It’s fun to be creative with colour when designing your perfect colour scheme at home, but what might work brilliantly in an artistic painting which is to be housed in a modern art gallery is not necessarily going to deliver the best results in a communal living space or working / public area. Nothing can replace natural intuition and personal style, but there are certain colour matching theories which can be used to the designer’s advantage when choosing how to successfully introduce colour and combine different shades in any interior design project.
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Choose a central colour
One really effective way of ensuring colour is used effectively in any space is to select a central colour which will dominate the overall design and from which all other tones and shades will be derived. A colour can only be dominant when it is used more than all the rest. This is not to say that a space which is dominated by the colour red needs to use the same red 90% of the time in the design (including walls and furniture). If red is the colour which has been chosen to dominate the overall design, it will be important to choose complementary colours (see below) to strengthen the impact of the red and to experiment a little with different shades and tones of red. Some reds are closer to orange than others. Some reds exude a distinct purple hue. If black or white is added to the shade of red being used, the colour will naturally appear either lighter or darker.
A monochromatic palette
Mixing just one colour with varying degrees of black and/or white creates a range of tones which, when put together in a colour scheme, make up what’s known as a monochromatic palette. The beauty of this palette lies in its simplicity. As the design hangs off of nothing more than the graduations of one single pigment, it’s impossible to go wrong. Harmony and balance are inherent in this design, which makes it the perfect choice for those people new to interior design.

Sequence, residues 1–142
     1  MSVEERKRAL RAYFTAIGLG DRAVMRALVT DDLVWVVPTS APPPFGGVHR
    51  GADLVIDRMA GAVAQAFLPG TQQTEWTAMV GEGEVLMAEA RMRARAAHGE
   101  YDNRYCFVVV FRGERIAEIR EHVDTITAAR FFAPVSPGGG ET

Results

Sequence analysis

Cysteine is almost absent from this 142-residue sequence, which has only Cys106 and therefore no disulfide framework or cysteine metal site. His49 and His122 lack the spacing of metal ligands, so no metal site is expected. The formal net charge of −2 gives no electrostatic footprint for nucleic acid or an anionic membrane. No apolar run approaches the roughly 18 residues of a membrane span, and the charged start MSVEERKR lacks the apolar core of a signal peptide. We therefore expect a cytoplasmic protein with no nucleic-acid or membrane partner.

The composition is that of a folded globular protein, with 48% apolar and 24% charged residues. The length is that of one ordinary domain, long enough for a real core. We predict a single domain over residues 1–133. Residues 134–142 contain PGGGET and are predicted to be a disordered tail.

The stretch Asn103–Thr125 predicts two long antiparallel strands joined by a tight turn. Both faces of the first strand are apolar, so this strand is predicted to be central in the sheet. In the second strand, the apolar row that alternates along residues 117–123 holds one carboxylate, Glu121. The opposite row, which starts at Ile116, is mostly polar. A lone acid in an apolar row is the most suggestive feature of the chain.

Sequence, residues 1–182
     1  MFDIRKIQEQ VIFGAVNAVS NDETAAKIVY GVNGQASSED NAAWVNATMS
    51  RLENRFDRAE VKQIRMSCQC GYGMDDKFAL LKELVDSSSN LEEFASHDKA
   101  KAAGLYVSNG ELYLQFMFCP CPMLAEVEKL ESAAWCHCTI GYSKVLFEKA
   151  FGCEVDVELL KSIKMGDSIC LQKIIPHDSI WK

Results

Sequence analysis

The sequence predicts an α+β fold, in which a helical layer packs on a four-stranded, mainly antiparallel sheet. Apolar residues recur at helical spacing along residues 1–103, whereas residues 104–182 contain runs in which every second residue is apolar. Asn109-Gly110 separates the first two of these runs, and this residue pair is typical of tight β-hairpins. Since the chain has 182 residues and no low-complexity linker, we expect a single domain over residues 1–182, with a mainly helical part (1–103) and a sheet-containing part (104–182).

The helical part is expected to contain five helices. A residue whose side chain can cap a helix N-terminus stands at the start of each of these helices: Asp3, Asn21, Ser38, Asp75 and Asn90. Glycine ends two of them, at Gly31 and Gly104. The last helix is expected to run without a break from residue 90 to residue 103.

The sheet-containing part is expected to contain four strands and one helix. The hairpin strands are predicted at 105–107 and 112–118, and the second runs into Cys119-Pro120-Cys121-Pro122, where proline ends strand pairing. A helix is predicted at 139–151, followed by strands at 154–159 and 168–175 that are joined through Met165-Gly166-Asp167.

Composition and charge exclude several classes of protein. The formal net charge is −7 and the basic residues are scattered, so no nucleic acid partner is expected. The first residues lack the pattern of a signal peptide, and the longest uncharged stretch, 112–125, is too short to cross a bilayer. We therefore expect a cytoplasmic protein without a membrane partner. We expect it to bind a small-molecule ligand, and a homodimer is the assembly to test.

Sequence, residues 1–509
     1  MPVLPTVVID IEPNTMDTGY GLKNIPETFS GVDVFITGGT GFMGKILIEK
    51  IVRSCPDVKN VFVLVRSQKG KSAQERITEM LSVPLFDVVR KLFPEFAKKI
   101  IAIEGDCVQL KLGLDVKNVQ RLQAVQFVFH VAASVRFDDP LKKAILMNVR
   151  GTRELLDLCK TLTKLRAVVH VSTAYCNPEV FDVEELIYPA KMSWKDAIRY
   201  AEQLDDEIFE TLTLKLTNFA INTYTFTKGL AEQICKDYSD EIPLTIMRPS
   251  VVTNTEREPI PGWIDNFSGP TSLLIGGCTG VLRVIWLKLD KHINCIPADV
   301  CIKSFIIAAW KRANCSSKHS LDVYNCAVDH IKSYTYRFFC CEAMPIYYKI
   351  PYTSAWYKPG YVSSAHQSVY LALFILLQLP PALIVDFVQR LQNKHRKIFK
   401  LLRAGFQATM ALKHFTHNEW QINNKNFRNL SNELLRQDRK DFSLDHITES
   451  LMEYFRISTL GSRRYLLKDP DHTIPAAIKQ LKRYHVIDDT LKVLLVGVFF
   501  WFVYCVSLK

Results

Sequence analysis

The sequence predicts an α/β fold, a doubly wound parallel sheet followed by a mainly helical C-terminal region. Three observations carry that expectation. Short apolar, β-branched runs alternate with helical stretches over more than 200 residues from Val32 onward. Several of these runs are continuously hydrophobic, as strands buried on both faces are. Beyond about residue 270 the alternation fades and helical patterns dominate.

Colour matching ideas which stem from the use of complementary colours relies on a little knowledge related to colour theory. Basic colour theory suggests that colours which are found opposite each other on the colour wheel form the perfect complementary colour combination. Red should be paired with green, yellow with purple and blue with orange. Not only will these colour combinations create the desired balance and harmony in a design, but they will also work to accentuate and heighten each other’s properties. A red cushion will appear even more “red” when thrown on top of a green sofa, for instance.
When too many risks are taken with colour, the results can be disastrous. Too much colour can be confusing and end up making little impact. A great way of taking risk with colour combinations in interior design is to focus the risk-taking on one single area. One idea is to choose a single wall and make it a feature. The majority of the room could hang off of a monochromatic design while the feature wall introduces complementary colours in a bold, dynamic way. Another idea is to select an item of furniture, or a series of items, to be the dominant focus in the design. In a relatively simple room, a large sofa with a busy pattern or varied colour design can create a stunning impact. Lampshades, radiator covers and cushions also offer plenty of scope for colour risk-taking.
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